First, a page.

Researchers to Develop 'Self-Replicating' DNA Computer That Grows as it Works
Scientists are planning to create a new type of computer that not only self-replicates, but is also made of very surprising materials: silicon chips with processors from DNA molecules. The new computer is said to be faster than quantum computers.
According to a news release from the University of Manchester, the new device, called nondeterministic universal Turing machine (NUTM), poses a possible "solution" to the problem of quantum computing. Because it's made from DNA molecules, it can replicate copies of itself to execute algorithms at once.
The Manchester team said that DNA is a good medium for storing and processing information, as it has been doing this particular task for living things since time immemorial. The researchers noted that unlike currently available computers that works along specific paths, the new computer can explore a plethora of paths or solutions to a problem at the same time because of its ability to self-replicate.
"Our computer's ability to grow as it computes makes it faster than any other form of computer, and enables the solution of many computational problems previously considered impossible," said Ross King, one of the team members.
King added that this nature of DNA will help computers become faster. Also, using DNA means being able to create chips that are smaller than the smallest silicon chips.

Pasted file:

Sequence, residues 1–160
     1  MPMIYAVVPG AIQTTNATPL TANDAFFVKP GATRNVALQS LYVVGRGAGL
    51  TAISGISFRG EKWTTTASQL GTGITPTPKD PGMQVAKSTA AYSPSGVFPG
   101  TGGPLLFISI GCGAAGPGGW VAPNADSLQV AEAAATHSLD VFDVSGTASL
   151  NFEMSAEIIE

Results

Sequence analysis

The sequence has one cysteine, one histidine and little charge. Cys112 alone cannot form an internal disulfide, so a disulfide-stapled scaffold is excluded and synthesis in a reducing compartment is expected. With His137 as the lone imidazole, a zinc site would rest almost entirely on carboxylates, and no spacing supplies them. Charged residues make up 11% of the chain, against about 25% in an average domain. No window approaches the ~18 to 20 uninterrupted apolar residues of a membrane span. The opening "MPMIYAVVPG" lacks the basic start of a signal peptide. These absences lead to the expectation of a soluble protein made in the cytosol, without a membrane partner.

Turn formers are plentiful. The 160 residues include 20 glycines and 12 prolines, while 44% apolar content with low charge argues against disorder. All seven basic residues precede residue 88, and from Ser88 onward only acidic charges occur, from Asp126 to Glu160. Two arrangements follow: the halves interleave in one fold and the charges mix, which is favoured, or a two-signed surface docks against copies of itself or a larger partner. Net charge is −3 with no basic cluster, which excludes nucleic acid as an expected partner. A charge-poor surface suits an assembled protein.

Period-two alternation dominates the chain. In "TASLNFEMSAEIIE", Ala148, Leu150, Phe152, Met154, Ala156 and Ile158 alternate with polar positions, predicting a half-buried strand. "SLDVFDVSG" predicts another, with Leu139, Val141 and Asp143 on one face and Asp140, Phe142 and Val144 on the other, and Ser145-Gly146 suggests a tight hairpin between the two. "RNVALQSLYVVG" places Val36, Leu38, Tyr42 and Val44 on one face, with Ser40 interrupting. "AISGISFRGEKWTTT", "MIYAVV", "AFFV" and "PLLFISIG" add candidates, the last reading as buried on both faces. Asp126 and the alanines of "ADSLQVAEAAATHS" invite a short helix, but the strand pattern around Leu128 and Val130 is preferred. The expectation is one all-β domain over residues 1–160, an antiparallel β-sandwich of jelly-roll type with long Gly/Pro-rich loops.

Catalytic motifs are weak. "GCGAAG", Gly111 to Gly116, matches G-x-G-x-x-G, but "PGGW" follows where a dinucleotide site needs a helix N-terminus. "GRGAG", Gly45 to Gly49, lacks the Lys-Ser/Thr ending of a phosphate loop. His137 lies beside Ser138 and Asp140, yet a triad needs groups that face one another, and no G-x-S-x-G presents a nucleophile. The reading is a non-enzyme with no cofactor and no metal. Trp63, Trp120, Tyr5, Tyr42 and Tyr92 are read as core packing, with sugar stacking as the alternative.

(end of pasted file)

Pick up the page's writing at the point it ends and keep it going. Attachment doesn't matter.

The NUTM will use DNA molecules to represent information not through 1s and 0s, but through the four genetic alphabet characters (A, G, C and T). The researchers said they can configure regular computers into NUTMs using Thue, a new programming language developed in the early 2000s. This will alow strings of alphabet symbols be "rewritten" into other symbols.
According to Science Alert, mankind is currently reaching its limit as to just how many silicon chips can be fitted in a single device. Quantum computers hope to answer this problem by solving algorithms using qubits or bits that take up 0s and 1s at the same time. However, this poses quite a difficult problem, especially when it comes to scientific backing.
Interestingly, the idea of a DNA-based computer is not entirely foreign. It has been proposed early as the 1990s, but this is the only time a feasible idea has been reached.